miercuri, 23 ianuarie 2013

Trickster & Trickster

Tawiscara as Trickster over Ioskeha as Trickster

Twin brother of Ioskeha. 
Known as 
Tawiskara,Tawiscana, Tawiskala,
Tehotennhiaron, Dark One, The Dark One
Tawiscara is an evil spirit of the North American Huron IndiansGrandson of the moon and  son of Wind-Ruler and Breath-of-Wind fought with Ioskeha his twin brother while still in their mother’s womb and she died when they were born. From then on they fought for supremacy and eventually Ioskeha prevailed, becoming the supreme god of the Iroquois while Tawiscara was banished to the underworld. 

Twinship in Native American Mythology. 
The role of twinship in Native American mythology is complex. Some pairs of twins combine heroism with the mischievous behavior of tricksters. Occasionally, twins represent opposing forces of good and evil. The Huron people of northeastern North America tell of Ioskeha and Tawiskara, twins who dueled to rule the world. The evil Tawiskara, who fought his way out of the womb, used a twig as his weapon against his brother, while Ioskeha used the horn of a stag. Ioskeha, a positive creative force, won the conflict.

The Raven Trickster
The Raven Trickster
In mythology, and in the study of folklore and religion, a trickster is a godgoddessspiritmanwoman, or anthropomorphic animal who plays tricks or otherwise disobeys normal rules and conventional behavior. The trickster deity breaks the rules of the gods or nature, sometimes maliciously (for example, Loki) but usually with ultimately positive effects (though the trickster’s initial intentions may have been either positive or negative). Often, the bending/breaking of rules takes the form of tricks (e.g. Eris) or thievery. Tricksters can be cunning or foolish or both; they are often funny even when considered sacred or performing important cultural tasks. An example of this is the sacred Iktomi, whose role is to play tricks and games and by doing so raises awareness and acts as an equalizer.
In many cultures, (as may be seen in GreekNorse, or Slavic folktales, along with Native American/First Nations lore), the trickster and the culture hero are often combined. To illustrate: Prometheus, in Greek mythology, stole fire from the gods to give to humans. He is more of a culture hero than a trickster. In many Native American and First Nations mythologies, the coyote (Southwestern United States) or raven (Pacific Northwest, coastal British ColumbiaAlaska and Russian Far East) stole fire from the gods (starsmoon, and/or sun) and are more tricksters than culture heroes. This is primarily because of other stories involving these spirits: Prometheus was a Titan, whereas the Coyote spirit and Raven spirit are usually seen as jokesters and pranksters. Examples of Tricksters in the world mythologies are given by Hansen (2001), who lists Mercurius in Roman mythology, Hermes in Greek mythology, Eshu in Yoruba mythology and Wakdjunga in Winnebago mythology as examples of the Trickster archetype. Hansen makes the observation that the Trickster is nearly always a male figure.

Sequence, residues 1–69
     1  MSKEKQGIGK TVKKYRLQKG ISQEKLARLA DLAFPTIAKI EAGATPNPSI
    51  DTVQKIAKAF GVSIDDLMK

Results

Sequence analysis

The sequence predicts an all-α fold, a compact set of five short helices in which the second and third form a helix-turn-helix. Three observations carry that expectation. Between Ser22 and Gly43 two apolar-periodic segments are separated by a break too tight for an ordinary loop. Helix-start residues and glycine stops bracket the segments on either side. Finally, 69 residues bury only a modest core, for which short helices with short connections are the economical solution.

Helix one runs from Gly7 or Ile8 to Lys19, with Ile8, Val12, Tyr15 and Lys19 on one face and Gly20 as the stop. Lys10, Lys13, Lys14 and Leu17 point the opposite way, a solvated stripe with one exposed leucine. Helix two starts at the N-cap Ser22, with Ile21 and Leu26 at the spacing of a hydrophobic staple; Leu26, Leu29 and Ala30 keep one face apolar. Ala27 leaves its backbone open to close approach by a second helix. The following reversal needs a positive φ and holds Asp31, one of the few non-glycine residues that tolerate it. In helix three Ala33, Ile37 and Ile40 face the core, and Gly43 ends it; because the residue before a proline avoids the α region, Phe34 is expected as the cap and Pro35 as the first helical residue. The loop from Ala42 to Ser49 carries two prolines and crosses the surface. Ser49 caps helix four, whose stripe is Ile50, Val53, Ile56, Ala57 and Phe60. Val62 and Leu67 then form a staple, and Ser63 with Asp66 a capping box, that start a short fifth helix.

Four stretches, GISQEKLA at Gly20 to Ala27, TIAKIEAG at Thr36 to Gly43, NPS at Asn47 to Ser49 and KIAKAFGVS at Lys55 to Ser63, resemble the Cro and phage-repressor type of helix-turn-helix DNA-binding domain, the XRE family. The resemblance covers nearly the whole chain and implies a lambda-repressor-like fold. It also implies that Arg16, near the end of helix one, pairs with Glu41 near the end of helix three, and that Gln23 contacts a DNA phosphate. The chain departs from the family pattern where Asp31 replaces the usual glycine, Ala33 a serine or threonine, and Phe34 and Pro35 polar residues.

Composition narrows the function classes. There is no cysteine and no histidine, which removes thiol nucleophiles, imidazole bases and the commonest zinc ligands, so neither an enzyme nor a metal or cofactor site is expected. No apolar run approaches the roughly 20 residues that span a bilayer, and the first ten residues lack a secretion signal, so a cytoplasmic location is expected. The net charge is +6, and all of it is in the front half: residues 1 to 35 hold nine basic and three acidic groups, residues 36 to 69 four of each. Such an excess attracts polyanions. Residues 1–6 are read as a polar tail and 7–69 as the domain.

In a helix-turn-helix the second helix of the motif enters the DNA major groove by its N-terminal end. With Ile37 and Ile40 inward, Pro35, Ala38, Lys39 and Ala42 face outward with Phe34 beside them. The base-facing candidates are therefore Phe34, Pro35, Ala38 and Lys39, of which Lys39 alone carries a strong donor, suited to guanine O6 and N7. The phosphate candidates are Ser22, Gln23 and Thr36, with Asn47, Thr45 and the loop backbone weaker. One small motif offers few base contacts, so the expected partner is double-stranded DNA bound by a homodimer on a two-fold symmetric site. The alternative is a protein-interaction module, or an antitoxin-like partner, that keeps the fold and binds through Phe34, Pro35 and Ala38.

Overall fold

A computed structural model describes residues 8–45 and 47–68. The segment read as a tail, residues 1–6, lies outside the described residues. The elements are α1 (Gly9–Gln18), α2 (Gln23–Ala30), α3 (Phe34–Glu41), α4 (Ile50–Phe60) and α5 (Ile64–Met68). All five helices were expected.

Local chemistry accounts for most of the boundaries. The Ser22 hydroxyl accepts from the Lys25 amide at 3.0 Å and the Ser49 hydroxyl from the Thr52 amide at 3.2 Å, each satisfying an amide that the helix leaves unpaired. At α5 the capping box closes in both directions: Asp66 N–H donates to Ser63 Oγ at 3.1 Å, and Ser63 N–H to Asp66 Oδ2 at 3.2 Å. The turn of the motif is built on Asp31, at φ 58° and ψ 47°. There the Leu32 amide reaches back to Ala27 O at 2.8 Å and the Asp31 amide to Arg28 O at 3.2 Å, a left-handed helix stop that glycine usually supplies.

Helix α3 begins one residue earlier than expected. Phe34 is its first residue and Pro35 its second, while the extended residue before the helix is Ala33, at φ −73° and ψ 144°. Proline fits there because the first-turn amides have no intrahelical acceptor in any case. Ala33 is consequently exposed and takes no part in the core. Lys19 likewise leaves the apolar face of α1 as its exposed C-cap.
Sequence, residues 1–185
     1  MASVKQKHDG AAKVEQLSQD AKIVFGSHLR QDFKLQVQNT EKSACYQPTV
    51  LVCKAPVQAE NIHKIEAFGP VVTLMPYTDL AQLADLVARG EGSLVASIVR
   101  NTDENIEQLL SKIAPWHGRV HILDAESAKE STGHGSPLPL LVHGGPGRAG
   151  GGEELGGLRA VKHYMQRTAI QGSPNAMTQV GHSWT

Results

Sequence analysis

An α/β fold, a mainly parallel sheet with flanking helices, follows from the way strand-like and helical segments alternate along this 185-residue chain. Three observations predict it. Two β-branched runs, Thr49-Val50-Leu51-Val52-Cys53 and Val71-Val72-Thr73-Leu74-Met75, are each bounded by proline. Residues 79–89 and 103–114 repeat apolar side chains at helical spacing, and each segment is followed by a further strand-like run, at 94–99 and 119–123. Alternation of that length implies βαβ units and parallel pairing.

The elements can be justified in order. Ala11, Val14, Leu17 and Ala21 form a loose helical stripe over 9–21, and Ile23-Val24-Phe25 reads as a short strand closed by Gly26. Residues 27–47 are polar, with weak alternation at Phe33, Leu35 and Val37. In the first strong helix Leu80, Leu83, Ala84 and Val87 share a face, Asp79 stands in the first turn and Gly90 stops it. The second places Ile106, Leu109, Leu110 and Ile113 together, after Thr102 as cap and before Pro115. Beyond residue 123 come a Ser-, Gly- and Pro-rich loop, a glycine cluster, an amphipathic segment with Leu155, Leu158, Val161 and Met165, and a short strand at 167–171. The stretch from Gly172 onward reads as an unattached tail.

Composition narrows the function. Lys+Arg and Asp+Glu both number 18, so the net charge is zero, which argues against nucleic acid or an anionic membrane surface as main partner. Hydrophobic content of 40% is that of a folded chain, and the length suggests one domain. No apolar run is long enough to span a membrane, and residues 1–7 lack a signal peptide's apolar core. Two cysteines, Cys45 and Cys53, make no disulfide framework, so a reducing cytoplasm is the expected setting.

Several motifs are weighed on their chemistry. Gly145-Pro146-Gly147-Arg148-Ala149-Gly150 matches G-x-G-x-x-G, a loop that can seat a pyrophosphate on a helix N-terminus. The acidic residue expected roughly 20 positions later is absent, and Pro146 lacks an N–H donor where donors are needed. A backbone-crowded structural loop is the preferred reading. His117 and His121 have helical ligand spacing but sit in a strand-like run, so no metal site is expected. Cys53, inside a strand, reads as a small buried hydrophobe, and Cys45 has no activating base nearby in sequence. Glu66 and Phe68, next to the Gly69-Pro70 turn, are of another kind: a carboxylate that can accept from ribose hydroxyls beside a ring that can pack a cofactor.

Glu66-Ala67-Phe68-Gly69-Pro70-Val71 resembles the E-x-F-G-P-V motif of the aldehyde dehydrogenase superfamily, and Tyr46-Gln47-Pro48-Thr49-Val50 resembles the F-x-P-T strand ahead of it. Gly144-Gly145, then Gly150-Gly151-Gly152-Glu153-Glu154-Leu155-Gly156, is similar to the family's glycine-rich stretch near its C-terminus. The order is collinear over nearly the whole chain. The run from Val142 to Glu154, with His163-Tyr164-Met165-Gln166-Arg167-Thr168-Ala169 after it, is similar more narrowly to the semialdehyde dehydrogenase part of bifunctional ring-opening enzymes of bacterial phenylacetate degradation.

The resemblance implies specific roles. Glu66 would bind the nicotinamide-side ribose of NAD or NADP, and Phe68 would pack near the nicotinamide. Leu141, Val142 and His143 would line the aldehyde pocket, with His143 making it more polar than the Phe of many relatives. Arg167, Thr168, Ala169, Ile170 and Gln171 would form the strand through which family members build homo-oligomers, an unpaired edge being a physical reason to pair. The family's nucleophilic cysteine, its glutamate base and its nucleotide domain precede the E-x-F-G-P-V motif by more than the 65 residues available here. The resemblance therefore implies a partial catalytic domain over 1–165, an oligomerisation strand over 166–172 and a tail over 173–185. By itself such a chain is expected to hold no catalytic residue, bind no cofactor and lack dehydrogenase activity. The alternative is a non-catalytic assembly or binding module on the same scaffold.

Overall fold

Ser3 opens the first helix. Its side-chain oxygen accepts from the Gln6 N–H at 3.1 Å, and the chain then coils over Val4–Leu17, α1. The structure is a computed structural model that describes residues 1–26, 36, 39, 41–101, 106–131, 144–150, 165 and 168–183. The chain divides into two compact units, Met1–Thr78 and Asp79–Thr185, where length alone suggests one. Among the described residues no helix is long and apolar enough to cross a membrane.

Frequently the Trickster figure exhibits gender and form variability, changing gender roles and even occasionally engaging in same-sex practices. Such figures appear in Native American and First Nations mythologies, where they are said to have a two-spirit nature. Loki, the Norse trickster, also exhibits gender variability, in one case even becoming pregnant. He shares the ability to change genders withOdin, the chief Norse deity who also possesses many characteristics of the Trickster. In the case of Loki‘s pregnancy, he was forced by the Gods to stop a giant from erecting a wall for them before 7 days passed; he solved the problem by transforming into a mare and drawing the giant’s magical horse away from its work. He returned some time later with a child he had given birth to—the eight-legged horse Sleipnir, who served as Odin’s steed.
In some cultures, there are dualistic myths, featuring two demiurges creating the world, or two culture heroes arranging the world — in a complementary manner. Dualistic cosmologies are present in all inhabited continents and show great diversity: they may feature culture heroes, but also demiurges (exemplifying a dualistic creation myth in the latter case), or other beings; the two heroes may compete or collaborate; they may be conceived as neutral or contrasted as good versus evil; be of the same importance or distinguished as powerful versus weak; be brothers (even twins) or be not relatives at all.
The Coyote Trickster
The Fox Trickster
Also, Wisakedjak Wìsakedjàk in AlgonquinWīhsakecāhkw in Cree and Wiisagejaak in Oji-cree is the Crane Manitou. Found in northern Algonquian mythology, similar to the trickster god Nanabozho iOjibwaaadizookaanan (sacred stories) and Inktonme in Assiniboine myth. He is generally portrayed as being responsible for a great flood which destroyed the world originally made by the Creator, as well as the one who created the current world with magic, either on his own or with powers given to him by the Creator for that specific purpose. His name is subject to many variant spellings, including WisagatcakWissaketchakWeesack-kachackWis-kay-tchach,Woesack-ootchacht, and undoubtedly others. It was some times anglicized as Whiskey Jack, which became an alternate name for the Gray Jay.

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